In 1969, the 27-year-old Madigan became the youngest ward boss in the city. Backed by City Hall control over jobs, he used loyalty to turn the 13th Ward area solidly Democratic. Two years later, he was elected to the General Assembly.
In 2014, the Tribune identified more than 400 then-current or retired employees at all levels of government with political ties to Madigan as well as documented repeated instances where Madigan personally lobbied for jobs, promotions or raises for allies.
In April of that year, a mass transit task force found Madigan sought to place and promote allies at Metra, the suburban commuter rail agency, for decades. A legislative inspector general’s report found Madigan did not violate the state’s ethics act when he sought to arrange a raise for one of his campaign foot soldiers.
In the statement issued on Madigan’s behalf Friday, his spokeswoman said he “has never helped someone find a job with the expectation that the person would not be asked to perform work by their employer, nor did he ever expect to provide anything to a prospective employer if it should choose to hire a person he recommended.”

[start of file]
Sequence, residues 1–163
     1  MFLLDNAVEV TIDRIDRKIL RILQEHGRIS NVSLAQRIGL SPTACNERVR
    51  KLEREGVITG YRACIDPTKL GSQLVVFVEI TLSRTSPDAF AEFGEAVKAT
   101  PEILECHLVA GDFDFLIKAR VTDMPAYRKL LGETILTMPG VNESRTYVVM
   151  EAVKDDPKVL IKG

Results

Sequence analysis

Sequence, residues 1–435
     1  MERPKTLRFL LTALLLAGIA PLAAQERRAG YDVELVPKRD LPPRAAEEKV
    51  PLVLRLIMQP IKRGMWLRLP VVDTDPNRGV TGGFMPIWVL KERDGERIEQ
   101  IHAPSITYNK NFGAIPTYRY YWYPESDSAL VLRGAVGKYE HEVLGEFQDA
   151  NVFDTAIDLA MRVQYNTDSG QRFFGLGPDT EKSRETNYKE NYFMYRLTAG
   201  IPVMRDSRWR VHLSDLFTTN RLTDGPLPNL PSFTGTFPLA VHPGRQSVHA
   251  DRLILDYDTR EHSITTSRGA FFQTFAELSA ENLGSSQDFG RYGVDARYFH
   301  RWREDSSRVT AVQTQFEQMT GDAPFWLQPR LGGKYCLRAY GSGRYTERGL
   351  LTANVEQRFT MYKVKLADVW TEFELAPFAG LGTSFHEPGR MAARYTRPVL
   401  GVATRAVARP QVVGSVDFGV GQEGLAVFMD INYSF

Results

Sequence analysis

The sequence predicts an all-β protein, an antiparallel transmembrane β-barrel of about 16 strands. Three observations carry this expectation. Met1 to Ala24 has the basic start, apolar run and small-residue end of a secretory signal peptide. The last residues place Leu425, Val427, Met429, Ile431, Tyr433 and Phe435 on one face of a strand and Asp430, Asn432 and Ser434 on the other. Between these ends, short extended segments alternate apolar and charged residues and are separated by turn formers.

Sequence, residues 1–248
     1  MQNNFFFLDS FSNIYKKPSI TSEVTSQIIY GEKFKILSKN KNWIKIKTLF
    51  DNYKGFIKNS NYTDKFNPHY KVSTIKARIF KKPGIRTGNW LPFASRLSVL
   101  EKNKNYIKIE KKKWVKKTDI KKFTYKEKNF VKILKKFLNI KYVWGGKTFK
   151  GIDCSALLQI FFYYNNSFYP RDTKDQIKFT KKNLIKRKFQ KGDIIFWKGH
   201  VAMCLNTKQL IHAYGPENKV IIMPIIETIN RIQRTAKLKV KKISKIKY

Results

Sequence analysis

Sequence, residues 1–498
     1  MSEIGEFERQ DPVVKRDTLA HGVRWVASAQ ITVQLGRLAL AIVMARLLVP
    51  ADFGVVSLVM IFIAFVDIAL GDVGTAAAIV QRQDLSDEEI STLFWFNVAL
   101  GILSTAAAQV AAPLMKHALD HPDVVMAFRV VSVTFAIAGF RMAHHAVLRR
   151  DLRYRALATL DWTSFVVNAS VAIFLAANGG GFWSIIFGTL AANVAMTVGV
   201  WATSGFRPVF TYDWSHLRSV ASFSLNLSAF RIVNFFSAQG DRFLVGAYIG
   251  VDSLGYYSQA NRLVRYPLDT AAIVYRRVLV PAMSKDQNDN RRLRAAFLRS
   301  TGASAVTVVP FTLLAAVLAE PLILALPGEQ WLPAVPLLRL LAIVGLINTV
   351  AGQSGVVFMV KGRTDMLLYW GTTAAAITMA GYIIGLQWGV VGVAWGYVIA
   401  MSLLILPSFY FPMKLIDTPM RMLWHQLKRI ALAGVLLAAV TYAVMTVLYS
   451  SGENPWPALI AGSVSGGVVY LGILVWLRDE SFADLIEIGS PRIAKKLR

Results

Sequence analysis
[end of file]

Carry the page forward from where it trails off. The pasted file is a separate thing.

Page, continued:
Madigan also found his standing threatened when the #MeToo movement took hold in the Capitol two years ago. He faced criticism that he had not done enough to deal with complaints of sexual harassment involving members and staff.
Madigan eventually fired his chief of staff, as well as key campaign operatives in an attempt to quell the complaints.
The House speaker also has faced ongoing questions of whether his political power presents a conflict of interest involving his real-estate tax appeal law firm, which profits by representing clients seeking lower assessments and property tax bills.